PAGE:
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Chinese Mysticism

China's "mantic Way": Knowledge Through Insight And Technics, Self-cultivation As A Secular Pursuit: C. 400 B.c.e.–1600 C.e.

The term mysticism represents a modern approach to a cultural path rooted in antiquity, and given anthropological considerations it is timeless. Mysticism usually concerns any work, study, or praxis that aims at transcendence (the experiencing "self" moving beyond normal limits) or union with the divine. It was (is) often private or even secret, perhaps involving special teachers. To reflect on the experience requires placing it into everyday language and expression.

Mysticism in Chinese thought and society should neither be reified nor reduced to one cultural path or genre of thought. It resonates with some, if not all, ancient Mediterranean practices to which the Greek word mustikos (from the word muo, to be secret) was applied, as well as with mysticism found among thinkers from Jewish, Christian, and Muslim communities. Chinese society produced its own textual adepts and adherents, both within and outside of religious structures. And there are examples of guarded (in some sense hermetic) pursuits and transmittals of curricula and skills.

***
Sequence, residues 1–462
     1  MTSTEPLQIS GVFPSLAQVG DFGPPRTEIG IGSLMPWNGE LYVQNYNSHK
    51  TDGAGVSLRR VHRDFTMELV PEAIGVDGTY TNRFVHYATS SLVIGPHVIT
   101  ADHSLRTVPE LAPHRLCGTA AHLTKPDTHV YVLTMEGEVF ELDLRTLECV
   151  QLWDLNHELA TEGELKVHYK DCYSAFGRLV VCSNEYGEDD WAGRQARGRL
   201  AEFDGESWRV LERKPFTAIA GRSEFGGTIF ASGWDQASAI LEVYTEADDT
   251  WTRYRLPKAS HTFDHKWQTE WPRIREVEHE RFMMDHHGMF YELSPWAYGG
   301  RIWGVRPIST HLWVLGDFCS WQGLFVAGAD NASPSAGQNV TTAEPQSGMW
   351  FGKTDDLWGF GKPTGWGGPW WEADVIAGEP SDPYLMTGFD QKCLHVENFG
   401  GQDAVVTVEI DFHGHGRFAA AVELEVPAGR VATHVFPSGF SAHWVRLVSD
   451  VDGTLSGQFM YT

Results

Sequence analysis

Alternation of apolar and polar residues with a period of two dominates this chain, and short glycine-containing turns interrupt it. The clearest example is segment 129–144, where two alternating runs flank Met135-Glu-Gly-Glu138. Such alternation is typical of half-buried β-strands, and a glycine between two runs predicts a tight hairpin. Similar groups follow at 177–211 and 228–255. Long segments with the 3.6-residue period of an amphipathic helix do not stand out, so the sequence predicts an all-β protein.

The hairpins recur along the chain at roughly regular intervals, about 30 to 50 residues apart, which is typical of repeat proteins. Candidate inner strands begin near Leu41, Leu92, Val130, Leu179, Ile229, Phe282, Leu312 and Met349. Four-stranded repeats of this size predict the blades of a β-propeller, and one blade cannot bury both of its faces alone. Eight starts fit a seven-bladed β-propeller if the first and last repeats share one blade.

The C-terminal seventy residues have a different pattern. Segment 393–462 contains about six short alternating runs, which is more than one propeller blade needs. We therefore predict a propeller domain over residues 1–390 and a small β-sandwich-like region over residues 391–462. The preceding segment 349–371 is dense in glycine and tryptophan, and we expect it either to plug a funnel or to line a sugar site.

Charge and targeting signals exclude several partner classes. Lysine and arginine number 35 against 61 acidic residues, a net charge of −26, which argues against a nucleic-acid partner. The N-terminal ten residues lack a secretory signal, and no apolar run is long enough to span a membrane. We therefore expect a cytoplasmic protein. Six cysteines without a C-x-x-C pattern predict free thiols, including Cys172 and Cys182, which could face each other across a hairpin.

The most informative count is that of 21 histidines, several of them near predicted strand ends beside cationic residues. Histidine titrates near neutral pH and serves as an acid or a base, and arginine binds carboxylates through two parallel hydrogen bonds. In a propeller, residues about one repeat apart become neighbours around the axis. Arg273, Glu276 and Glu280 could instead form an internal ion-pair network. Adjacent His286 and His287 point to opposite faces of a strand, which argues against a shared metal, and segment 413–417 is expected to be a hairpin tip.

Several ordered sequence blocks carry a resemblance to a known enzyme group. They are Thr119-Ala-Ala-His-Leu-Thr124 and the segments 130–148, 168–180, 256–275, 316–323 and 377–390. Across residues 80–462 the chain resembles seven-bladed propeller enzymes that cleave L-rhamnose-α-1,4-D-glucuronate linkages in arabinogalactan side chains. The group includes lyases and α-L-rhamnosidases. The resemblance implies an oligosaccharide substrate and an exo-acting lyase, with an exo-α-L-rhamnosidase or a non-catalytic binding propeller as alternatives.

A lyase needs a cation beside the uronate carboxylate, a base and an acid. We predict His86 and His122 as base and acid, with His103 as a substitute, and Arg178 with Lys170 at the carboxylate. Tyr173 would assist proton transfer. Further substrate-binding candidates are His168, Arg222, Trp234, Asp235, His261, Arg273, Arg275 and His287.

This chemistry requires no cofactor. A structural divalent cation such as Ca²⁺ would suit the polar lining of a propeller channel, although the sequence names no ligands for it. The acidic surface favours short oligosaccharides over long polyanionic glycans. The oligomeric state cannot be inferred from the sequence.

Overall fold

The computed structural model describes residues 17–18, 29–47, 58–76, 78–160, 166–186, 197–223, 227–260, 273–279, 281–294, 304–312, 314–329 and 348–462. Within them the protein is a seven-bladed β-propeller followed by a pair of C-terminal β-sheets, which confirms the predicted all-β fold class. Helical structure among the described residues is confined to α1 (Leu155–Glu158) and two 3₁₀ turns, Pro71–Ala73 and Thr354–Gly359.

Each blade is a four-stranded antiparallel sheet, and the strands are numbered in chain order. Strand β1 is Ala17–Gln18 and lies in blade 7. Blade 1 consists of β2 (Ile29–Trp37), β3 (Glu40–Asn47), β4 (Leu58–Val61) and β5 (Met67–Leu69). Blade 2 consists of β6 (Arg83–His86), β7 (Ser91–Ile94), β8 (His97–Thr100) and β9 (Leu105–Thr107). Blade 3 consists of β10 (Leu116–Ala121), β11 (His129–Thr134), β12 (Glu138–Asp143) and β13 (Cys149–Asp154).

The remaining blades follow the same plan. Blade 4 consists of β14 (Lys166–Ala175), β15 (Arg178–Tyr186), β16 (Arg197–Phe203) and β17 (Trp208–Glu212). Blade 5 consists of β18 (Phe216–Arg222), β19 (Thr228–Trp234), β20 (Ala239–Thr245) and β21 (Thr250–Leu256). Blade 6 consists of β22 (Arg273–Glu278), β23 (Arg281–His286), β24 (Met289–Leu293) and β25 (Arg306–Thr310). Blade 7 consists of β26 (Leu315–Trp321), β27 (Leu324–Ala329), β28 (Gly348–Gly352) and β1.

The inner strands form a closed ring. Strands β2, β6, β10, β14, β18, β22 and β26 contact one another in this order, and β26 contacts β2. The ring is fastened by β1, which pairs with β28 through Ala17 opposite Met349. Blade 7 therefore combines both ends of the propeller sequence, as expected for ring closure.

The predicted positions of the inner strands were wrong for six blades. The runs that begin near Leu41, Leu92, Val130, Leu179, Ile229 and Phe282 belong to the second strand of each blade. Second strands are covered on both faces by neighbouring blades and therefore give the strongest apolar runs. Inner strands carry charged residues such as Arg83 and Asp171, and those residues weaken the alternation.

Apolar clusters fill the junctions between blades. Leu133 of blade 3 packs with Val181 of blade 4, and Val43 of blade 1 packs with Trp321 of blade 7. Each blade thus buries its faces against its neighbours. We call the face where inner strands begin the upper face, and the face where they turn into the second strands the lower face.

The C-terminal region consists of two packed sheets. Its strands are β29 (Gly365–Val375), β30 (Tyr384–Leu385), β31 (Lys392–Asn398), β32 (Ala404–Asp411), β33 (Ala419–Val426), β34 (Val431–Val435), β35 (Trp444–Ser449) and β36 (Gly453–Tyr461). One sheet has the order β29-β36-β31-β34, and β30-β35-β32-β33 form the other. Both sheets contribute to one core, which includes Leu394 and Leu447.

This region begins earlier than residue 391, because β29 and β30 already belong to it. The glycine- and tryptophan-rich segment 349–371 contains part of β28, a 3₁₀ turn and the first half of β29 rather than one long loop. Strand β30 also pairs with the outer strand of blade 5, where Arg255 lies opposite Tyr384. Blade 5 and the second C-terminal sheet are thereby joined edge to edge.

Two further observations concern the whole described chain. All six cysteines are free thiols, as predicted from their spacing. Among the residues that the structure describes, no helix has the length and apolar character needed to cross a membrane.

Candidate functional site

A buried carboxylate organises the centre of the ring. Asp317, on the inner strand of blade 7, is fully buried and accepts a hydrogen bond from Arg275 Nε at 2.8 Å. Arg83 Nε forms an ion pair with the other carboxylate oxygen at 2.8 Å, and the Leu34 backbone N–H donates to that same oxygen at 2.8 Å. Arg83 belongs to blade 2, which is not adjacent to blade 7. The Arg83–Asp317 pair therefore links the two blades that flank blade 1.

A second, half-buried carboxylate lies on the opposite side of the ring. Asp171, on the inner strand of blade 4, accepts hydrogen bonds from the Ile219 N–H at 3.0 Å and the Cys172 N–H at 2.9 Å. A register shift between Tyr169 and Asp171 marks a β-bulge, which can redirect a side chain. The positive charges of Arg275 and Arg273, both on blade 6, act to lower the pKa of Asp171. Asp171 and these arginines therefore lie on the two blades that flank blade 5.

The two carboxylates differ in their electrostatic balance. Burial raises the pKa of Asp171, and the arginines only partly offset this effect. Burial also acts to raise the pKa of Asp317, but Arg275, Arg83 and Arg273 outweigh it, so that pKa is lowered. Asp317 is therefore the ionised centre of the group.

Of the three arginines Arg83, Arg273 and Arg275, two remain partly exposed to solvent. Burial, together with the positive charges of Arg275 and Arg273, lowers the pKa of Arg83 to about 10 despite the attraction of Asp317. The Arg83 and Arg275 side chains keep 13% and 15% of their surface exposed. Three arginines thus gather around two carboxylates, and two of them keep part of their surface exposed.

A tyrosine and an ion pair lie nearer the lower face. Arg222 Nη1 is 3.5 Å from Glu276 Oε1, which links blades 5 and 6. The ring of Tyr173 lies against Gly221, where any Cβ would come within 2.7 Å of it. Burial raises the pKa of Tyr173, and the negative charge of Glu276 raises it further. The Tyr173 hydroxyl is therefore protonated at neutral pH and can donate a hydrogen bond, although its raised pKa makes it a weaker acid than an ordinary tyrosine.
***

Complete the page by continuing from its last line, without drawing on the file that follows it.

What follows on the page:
Three important aims of Chinese mysticism have been: (1) mantic knowledge and divination; (2) individual enlightenment and/or transcendence; and (3) union and cooperation with divinities. Social contexts range widely: individuals, village groups, and royal courts. A village scholar might employ an artisan-practitioner for mantic insight into his place in the cosmos, and priests might pursue hermetic texts and praxis of a rarefied nature.

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